Chemo after radiation therapy improves brain cancer survival

Volume 3, Issue 2, 2014


A Mayo Clinic study shows significant improvement in overall survival for patients with low-grade gliomas.

Photograph of Jan C. Buckner, M.D., deputy director of cancer practice at the Mayo Clinic Cancer Center

Jan C. Buckner, M.D.

A clinical trial co-led by researchers at the Mayo Clinic Cancer Center and Wake Forest School of Medicine has found that adding a chemotherapy regimen following radiation treatment improves survival for adults with low-grade gliomas by about 5 1/2 years.

The study, RTOG 9802, enrolled 251 patients with low-grade gliomas between October 1998 and June 2002 to address the role of chemotherapy after radiation treatment. Patients enrolled were at high risk compared with other patients with a low-grade glioma because they either were age 40 or older or had an incomplete surgical removal of their tumor if they were younger than 40.

All patients started treatment with surgery and then had radiation therapy. After radiation therapy was completed, half the patients were randomly assigned to stop all treatment while the other half was randomly assigned to continue treatment with chemotherapy.

Patients receiving chemotherapy got three drugs: procarbazine, lomustine and vincristine. This chemotherapy combination, called PCV, was given over 21 days and repeated every eight weeks, for a total of six cycles.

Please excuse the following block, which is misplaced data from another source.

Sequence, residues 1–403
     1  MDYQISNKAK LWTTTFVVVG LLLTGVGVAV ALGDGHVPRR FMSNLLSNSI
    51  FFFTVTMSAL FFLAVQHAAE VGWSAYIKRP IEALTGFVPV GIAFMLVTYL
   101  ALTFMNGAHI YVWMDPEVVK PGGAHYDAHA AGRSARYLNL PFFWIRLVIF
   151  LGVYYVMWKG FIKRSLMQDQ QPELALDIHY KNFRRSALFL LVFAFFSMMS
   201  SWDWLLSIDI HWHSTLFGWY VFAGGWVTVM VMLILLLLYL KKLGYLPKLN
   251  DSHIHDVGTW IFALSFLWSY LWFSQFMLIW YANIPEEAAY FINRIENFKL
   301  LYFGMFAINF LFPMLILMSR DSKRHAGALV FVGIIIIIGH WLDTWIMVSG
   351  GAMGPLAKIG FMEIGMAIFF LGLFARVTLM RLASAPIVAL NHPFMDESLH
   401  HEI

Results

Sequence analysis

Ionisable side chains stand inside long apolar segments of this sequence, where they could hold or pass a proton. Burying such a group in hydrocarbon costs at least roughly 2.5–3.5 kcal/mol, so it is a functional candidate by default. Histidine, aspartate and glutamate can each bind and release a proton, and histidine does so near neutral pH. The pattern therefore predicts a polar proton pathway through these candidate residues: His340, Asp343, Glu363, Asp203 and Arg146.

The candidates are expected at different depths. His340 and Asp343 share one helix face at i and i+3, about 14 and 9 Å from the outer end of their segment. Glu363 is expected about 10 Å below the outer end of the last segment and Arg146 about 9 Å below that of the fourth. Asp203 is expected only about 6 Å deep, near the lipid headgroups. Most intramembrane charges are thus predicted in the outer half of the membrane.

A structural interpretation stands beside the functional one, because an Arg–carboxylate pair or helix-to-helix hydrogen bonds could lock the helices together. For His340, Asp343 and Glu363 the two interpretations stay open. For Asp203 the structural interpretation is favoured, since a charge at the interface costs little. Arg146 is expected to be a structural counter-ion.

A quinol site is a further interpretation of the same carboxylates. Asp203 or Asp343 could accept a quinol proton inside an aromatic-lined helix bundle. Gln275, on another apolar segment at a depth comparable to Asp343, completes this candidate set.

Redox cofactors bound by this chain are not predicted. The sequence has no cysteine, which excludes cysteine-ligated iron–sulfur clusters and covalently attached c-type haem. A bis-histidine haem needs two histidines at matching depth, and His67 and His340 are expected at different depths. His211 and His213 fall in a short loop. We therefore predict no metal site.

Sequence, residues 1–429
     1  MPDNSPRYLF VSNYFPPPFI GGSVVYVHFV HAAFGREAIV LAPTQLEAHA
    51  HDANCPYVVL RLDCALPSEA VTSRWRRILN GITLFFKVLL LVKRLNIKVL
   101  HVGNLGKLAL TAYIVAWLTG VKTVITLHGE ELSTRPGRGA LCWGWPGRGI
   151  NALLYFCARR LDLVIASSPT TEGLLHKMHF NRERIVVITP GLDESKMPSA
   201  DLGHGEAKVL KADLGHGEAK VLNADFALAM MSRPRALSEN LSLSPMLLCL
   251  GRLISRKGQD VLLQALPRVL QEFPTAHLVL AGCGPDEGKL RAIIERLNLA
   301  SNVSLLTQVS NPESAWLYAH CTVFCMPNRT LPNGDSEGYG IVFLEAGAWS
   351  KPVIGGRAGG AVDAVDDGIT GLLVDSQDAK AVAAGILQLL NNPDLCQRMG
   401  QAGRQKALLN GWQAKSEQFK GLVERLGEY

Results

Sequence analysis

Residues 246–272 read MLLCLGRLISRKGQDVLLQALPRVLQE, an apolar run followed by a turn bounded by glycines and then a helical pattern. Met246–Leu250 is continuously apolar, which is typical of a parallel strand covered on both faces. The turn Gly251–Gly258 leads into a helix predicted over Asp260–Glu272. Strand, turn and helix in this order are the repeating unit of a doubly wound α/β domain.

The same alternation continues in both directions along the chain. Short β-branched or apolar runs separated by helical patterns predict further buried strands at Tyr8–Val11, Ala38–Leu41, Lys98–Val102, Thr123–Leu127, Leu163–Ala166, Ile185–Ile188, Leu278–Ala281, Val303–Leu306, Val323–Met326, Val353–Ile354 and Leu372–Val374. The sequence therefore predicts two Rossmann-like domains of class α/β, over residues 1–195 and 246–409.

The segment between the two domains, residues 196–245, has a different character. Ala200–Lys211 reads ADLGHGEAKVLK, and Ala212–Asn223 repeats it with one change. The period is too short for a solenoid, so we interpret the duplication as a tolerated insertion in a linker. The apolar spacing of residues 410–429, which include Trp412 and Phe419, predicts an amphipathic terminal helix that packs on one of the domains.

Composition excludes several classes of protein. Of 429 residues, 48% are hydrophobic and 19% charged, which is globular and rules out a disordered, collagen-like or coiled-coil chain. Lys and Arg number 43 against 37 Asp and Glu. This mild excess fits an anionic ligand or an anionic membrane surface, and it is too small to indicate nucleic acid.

Researchers noted a statistically significant improvement in overall survival for study participants who received PCV chemotherapy plus radiation therapy, compared with those who received only radiation therapy — 13.3 years median survival time vs. 7.8 years median survival time.

Median follow-up after initial enrollment has been almost 12 years. Analysis of how patients are doing based on the molecular and genetic characteristics of their tumors is ongoing. These studies will be important since molecular characteristics of related brain tumors have been able to identify patients most likely to benefit from chemotherapy.

"The results of this study are practice changing," said co-lead investigator Jan C. Buckner, M.D., deputy director of cancer practice at the Mayo Clinic Cancer Center. "Additionally, ongoing analysis of patient tumor samples should allow us to further identify the patients who will and who will not benefit from chemotherapy, taking yet another step toward individualized therapy."

Watch a video of Dr. Buckner discussing this study.